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3 Dangerous Mistakes You're Making While Dining Outside

Here's exactly how you can stay healthy and safe this summer while eating outdoors.
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Outdoor dining is happening pretty much everywhere in the U.S. right now, considering it's one of the only ways for restaurants and bars to operate safely during the pandemic. However, with the option of heading indoors for a meal disappearing in many states, the weather has become even more of a make-or-break factor when it comes to having an enjoyable experience.

Rain, for instance, can cause a restaurant to close down for several hours or even the whole day, and extreme heat this summer is also causing problems for both restaurant staff and customers. For example, servers are required to wear masks, which can make working long shifts in the heat even tougher.

Diners are also at risk of suffering from heat exhaustion or dehydration while sitting outside and should take precautions accordingly. Here are three mistakes that you may be making while dining outdoors right now that could be putting you at risk of other ailments outside of coronavirus.

1

You're ordering a lot of alcohol.

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As heat waves continue to plague the country, it's important to remember that while dining outside is safer than dining indoors during a pandemic, it also means you're spending more time in above-average temperatures. This can especially become an issue if you're ordering round after round of cocktails before your meal even arrives. Drinking on an empty stomach can dehydrate you much quicker than if you've recently eaten. This is because around a majority of the alcohol is absorbed by the small intestine and then transferred directly into your bloodstream, meaning you'll feel the loopy, dehydrating effects much faster.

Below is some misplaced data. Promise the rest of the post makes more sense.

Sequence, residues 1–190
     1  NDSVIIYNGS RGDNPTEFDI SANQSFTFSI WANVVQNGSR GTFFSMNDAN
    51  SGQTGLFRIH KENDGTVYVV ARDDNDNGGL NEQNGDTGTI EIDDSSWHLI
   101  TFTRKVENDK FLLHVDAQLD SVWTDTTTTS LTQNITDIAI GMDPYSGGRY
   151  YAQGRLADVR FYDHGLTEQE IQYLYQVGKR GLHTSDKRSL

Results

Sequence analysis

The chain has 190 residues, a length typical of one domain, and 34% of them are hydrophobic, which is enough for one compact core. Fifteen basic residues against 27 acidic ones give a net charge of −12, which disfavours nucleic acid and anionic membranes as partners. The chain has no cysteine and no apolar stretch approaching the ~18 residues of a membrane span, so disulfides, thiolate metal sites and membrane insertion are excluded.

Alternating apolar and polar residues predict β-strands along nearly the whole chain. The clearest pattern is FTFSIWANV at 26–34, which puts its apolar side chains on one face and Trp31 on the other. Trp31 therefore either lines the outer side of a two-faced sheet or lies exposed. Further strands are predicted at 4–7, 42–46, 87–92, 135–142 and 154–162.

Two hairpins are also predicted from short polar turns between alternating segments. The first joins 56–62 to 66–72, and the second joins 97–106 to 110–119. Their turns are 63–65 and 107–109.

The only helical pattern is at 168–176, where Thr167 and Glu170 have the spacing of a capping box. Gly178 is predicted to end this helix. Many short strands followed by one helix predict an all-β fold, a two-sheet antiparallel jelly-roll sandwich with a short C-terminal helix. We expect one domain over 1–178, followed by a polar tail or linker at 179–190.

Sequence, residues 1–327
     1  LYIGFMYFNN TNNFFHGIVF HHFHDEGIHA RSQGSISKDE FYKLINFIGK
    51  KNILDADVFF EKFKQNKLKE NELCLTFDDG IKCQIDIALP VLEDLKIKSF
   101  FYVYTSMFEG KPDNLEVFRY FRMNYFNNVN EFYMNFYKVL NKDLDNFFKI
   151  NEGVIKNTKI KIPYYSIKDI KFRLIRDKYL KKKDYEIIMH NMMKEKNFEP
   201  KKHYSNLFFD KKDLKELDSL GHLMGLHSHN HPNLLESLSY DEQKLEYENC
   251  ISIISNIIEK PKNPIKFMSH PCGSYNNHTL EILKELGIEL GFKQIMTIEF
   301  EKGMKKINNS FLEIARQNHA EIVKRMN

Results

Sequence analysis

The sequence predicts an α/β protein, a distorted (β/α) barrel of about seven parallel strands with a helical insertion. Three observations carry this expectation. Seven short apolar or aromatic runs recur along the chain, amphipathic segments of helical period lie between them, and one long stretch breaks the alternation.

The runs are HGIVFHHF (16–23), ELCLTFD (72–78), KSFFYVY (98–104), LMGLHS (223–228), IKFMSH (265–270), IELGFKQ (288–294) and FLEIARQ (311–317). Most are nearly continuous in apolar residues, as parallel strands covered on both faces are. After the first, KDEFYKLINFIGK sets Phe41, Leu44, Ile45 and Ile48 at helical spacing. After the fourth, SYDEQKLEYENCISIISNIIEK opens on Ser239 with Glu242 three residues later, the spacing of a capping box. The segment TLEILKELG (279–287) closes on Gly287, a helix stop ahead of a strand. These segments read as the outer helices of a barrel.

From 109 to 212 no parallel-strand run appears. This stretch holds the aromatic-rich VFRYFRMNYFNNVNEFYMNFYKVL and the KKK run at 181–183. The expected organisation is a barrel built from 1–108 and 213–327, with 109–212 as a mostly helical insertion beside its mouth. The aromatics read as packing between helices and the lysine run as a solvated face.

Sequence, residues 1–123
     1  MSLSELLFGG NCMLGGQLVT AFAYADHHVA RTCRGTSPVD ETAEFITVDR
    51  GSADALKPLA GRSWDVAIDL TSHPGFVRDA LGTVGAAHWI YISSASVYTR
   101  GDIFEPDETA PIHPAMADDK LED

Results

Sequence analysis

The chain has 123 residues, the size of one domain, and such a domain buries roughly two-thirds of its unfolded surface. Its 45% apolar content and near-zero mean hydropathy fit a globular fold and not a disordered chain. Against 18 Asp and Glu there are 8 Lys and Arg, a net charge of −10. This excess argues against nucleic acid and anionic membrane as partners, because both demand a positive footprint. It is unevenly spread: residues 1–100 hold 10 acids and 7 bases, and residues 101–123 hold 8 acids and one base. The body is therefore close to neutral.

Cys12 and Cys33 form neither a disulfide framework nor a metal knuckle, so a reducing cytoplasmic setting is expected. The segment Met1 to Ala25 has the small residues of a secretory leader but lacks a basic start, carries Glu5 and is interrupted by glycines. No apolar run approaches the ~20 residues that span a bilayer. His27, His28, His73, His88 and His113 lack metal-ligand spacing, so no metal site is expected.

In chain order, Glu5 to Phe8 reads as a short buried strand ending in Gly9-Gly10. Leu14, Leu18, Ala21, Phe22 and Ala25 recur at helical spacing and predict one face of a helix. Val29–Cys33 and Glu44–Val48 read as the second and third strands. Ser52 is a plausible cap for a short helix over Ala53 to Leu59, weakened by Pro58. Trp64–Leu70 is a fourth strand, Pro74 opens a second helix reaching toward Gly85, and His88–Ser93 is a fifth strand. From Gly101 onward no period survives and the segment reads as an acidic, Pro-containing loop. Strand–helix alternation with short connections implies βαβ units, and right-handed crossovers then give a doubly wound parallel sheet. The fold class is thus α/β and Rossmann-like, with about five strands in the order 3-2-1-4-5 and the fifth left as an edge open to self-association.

According to the University of California, Santa Cruz, peak blood alcohol content could be as much as three times higher in someone who was drinking on an empty stomach in comparison to someone who drank water or ate a meal before or while drinking alcohol. The last thing you want to do is become dehydrated during a heat advisory, so make sure to limit the number of drinks you have, and eat something while drinking.

2

You're not drinking enough water.

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Regardless of whether you're drinking alcohol or not, you should be regularly drinking water during your meal, especially when it's above 80 degrees Fahrenheit. In fact, the minimum amount of water women should drink in a day is eight cups of water or 64 fluid ounces, and for men, it's 12.5 cups or 100 fluid ounces of water. However, when it's hot outside, that amount should increase. There are several side effects of not drinking enough water, the most common of which include nausea, muscle cramping, and constipation. Remember to routinely drink water as you're dining outdoors this summer!

3

You're not wearing a mask while speaking with a server.

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One of the biggest mistakes you can make while dining at a restaurant is not wearing a mask when you're not eating or drinking. The most important time to wear a mask while dining outside, however, is when conversing with a server. Remember, restaurant staff are putting their lives on the line so they can continue to make an income and serve you a meal. And, they don't have a choice on whether or not they want to be wearing it.

"Imagine being stuck in a forced interaction with a stranger where you cannot use your given industry talent of facial expression, charm, wit, or any other trick to communicate with an already irritated, inconvenienced customer," Candis Larsen, general manager at Steamers Seafood Cafe in Tacoma, Washington told Restaurant Business. "Then add heat, sweat, humidity, and the 20 extra steps of service involved to stay within the COVID guidelines for restaurants. Oh, and don't forget, literally drinking your own lip sweat."

For more, check out 15 Health Mistakes You Can't Afford to Make at Restaurants.

Cheyenne Buckingham
Cheyenne Buckingham is the news editor of Eat This, Not That!, specializing in food and drink coverage, and breaking down the science behind the latest health studies and information. Read more
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